‘The persecution of Rohingyas rests on a belief that they are outsiders … Ibrahim debunks these claims in his essential new book, claiming that Rohingyas were in Arakan well before 1784, and may even have arrived there before the Buddhist Rakhine. Ibrahim offers a credible genealogy that links Rohingyas to Indo-Aryan groups who arrived from the Ganges Valley as early as 3000 BC.’ — London Review of Books
‘This excellent book demolishes the Myanmar argument, shamefully echoed by Suu Kyi, that the Rohingya are “illegal immigrants.” Their ancestors may have been in the area when the Rakhine showed up around 900AD.’ — Nicholas Kristof, New York Times
‘[The book’s] claim on the reader’s attention is…its urgency and prescience’. – The New York Review of Books
‘[An] excellent book.’ —The Scotsman
‘Ibrahim dwells on the history of the Rohingya in order to give an account of how and why they have come to arouse such fear and loathing. … [his] analysis is excellent.’ — Literary Review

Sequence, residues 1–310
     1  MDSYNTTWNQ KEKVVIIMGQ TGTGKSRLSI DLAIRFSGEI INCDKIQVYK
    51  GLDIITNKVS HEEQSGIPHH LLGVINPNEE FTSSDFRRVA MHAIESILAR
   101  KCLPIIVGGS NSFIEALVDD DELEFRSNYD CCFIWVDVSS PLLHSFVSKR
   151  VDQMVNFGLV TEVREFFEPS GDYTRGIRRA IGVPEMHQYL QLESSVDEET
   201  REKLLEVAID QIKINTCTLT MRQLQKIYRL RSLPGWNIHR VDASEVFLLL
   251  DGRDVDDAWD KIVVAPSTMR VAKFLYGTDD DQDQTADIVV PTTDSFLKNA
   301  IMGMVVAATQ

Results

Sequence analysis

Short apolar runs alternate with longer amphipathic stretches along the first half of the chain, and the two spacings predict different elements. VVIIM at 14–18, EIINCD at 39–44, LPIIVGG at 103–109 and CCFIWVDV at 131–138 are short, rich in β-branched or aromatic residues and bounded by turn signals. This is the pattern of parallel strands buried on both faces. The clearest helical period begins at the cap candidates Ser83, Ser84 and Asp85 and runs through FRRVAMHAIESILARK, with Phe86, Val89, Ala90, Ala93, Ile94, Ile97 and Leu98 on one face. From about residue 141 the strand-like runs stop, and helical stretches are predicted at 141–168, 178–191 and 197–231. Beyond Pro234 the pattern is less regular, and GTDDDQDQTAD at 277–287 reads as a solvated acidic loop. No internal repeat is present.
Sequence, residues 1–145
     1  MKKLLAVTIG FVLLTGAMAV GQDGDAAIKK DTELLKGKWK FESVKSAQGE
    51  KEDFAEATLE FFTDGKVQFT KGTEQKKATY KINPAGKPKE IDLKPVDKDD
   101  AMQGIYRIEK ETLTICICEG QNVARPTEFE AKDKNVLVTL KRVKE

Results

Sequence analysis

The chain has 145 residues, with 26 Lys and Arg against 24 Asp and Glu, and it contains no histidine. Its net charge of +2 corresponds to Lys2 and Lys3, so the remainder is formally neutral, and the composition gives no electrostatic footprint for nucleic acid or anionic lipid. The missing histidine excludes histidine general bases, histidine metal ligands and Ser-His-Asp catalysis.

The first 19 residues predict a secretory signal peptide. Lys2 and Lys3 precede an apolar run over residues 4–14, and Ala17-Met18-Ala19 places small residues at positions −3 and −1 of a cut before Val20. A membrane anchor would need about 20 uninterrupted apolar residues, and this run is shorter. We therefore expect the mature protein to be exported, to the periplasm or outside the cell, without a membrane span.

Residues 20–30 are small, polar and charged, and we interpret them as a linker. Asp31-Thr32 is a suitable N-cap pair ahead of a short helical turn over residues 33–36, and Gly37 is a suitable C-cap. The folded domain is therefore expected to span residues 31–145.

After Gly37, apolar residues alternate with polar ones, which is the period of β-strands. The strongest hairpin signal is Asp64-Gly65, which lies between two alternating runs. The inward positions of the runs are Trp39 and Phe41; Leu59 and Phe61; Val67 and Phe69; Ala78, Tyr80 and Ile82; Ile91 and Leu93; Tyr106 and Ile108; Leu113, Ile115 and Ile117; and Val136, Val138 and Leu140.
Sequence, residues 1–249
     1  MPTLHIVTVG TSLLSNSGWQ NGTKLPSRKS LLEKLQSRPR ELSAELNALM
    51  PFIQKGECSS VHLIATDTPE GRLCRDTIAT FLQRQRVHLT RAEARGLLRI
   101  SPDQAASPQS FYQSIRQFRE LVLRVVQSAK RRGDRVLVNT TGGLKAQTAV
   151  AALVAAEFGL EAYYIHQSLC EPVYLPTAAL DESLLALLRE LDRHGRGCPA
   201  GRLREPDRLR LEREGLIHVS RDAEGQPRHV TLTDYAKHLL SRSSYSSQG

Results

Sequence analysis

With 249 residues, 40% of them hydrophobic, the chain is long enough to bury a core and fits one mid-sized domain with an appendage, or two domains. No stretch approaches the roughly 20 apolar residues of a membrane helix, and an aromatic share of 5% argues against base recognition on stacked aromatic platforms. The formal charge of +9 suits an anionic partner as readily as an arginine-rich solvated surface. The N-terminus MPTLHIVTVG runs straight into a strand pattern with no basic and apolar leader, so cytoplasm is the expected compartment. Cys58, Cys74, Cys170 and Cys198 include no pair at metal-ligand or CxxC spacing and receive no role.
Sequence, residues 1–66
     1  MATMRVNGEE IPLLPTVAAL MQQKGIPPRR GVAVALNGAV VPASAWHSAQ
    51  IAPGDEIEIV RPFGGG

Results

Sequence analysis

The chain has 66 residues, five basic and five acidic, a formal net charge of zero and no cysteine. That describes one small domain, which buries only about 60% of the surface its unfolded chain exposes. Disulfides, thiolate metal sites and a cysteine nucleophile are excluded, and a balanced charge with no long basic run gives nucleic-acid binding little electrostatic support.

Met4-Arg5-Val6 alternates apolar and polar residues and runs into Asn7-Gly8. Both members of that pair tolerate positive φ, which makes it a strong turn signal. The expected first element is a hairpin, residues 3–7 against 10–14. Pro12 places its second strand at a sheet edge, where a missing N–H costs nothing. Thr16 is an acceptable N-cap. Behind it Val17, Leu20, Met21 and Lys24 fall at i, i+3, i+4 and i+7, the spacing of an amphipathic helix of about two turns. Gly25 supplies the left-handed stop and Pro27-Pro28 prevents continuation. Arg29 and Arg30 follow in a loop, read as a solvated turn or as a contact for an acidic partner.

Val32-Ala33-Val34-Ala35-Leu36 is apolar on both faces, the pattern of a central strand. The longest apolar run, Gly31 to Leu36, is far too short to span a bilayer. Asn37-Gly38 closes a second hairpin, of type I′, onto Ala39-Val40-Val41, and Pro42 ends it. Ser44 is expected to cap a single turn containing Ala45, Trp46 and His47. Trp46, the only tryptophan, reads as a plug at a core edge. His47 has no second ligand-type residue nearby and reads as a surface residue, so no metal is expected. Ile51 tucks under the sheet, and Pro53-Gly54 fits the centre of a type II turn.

‘Ibrahim’s brilliantly researched book exposes the dark underbelly of this emerging state. Discrimination against minorities is rampant, but most acutely against the Muslim Rohingyas who are persecuted at the hands of the vast Buddhist majority. This important book exposes very great suffering that even Myanmar’s now elected leaders have little or no interest in combatting.’ — Jon Snow, Channel 4 News
‘Important . . .excellent . . . for those wanting to understand more about the situation of the Rohingya in Myanmar.’ — International Affairs
‘Azeem Ibrahim’s book is a well-researched treatise that answers the perplexity of a democratic regime’s discriminatory attitude towards certain ethnic and religious groups, by taking recourse in history. . . It is a must read for anyone who wishes to grasp an understanding of the reasons behind the fate of Rohingyas in Myanmar.’ — Insight Turkey
‘In Ibrahim’s The Rohingyas, the author wonderfully details how a historical canard is used as a pretext to completely erase them from Myanmar. The book also explores the fact that among 135 ethnic minorities, Rohingyas are the worst treated, stripped of all rights as citizens, depleted of wealth and property, pushed to the edge, and systematically exterminated.’ — Dhaka Tribune